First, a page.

In a statement, Goodell “respectfully” disagreed with Berman’s ruling, saying, “We will appeal today’s ruling in order to uphold the collectively bargained responsibility to protect the integrity of the game. The commissioner’s responsibility to secure the competitive fairness of our game is a paramount principle, and the league and our 32 clubs will continue to pursue a path to that end. While the legal phase of this process continues, we look forward to focusing on football and the opening of the regular season.”

The NFL’s entire process didn’t stand up to much scrutiny. The investigation was never independent, which became clearer as the process went along. The NFL never did anything to correct false information leaked to the media, information that Patriots owner Robert Kraft said he believes came from the NFL itself, which might have showed its mind was made up from the beginning. The lack of real evidence in the report was somewhat stunning, based on Wells’ assertions and the NFL’s punishment. And Goodell upholding an appeal that basically amounted to his own verdict really looked bad after Berman ruled against the NFL.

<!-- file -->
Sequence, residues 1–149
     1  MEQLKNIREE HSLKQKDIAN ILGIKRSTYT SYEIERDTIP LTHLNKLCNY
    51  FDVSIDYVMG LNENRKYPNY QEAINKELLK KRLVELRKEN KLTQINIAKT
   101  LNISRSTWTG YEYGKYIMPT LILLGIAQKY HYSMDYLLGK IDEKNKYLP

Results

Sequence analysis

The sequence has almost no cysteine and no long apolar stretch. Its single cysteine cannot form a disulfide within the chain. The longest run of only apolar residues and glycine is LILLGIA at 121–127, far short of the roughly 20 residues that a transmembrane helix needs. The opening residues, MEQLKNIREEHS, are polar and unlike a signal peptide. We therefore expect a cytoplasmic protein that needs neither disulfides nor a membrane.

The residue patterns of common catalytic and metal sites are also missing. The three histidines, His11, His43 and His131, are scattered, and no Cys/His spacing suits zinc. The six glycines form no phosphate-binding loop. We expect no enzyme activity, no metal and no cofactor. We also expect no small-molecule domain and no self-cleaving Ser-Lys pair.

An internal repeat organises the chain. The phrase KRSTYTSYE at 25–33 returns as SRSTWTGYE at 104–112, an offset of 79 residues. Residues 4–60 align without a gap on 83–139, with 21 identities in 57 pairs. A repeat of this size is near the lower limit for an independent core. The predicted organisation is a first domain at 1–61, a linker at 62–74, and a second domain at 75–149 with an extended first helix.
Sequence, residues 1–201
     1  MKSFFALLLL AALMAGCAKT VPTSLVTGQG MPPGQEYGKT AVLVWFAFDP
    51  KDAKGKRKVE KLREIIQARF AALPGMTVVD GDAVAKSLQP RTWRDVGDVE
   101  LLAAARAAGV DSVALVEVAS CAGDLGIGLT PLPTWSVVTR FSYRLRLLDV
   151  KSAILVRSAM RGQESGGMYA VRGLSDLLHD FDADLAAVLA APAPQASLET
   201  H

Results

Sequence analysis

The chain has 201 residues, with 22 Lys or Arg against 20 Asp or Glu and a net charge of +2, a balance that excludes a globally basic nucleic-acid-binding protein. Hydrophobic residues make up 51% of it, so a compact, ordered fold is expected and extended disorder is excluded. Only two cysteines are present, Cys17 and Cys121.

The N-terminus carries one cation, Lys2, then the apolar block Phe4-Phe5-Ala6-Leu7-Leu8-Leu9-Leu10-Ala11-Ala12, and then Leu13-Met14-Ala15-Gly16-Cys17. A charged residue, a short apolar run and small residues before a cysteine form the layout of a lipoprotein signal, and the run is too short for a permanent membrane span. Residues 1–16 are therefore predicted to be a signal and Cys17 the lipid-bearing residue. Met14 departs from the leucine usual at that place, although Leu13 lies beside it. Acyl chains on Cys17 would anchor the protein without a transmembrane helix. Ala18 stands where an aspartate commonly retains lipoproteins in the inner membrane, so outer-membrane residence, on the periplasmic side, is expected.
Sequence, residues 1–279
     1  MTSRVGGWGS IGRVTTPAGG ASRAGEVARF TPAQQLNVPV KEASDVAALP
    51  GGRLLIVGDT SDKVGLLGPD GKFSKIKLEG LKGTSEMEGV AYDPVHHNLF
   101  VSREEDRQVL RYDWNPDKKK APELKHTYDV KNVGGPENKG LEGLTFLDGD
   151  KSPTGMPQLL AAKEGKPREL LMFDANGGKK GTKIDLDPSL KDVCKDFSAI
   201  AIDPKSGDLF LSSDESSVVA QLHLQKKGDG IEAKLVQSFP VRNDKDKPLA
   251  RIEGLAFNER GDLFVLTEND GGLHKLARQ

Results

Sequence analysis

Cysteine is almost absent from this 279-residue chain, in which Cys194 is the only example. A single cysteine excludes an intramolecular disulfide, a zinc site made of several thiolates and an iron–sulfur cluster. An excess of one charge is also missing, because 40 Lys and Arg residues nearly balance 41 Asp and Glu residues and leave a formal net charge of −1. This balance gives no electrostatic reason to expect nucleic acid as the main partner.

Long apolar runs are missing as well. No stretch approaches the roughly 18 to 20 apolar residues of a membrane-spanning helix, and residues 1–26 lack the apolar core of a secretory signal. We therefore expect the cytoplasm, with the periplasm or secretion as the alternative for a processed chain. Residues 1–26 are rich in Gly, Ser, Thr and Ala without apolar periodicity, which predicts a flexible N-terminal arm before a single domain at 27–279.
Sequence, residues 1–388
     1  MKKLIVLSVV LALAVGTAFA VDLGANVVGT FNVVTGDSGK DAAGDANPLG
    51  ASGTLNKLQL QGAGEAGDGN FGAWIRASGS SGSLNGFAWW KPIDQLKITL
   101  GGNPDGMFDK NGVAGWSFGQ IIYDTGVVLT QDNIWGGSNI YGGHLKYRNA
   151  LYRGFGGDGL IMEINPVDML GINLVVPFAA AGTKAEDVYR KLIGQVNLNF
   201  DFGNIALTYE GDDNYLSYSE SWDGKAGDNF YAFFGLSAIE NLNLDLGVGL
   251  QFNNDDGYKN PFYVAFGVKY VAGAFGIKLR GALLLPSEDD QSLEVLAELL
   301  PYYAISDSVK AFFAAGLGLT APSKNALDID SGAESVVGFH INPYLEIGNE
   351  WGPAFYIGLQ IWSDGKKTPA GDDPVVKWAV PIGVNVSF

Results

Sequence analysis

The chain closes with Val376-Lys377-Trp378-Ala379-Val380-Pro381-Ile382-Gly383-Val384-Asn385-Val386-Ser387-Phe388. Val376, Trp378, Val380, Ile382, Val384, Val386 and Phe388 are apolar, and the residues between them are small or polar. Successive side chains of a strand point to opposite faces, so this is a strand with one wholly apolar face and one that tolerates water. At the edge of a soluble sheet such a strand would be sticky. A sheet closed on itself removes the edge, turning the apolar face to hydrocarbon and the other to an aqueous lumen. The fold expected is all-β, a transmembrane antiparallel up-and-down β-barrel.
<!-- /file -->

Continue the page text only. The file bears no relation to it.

Where does the NFL even go from here? Although it is said that Goodell has “universal” support among owners, some owners have to wonder how this entire debacle was allowed to happen. Its biggest star twisted in the wind all offseason, only to have a court tell everyone he was right all along. Goodell wants desperately to hold onto absolute power over the players, but in very high-profile cases involving deflate-gate, Adrian Peterson, Ray Rice and the New Orleans Saints’ bounty scandal, he has been publicly overturned. The NFL doesn’t seem to be too adept at the punishment business. Perhaps it’s time for the league to re-think the process because nobody would say this is working too well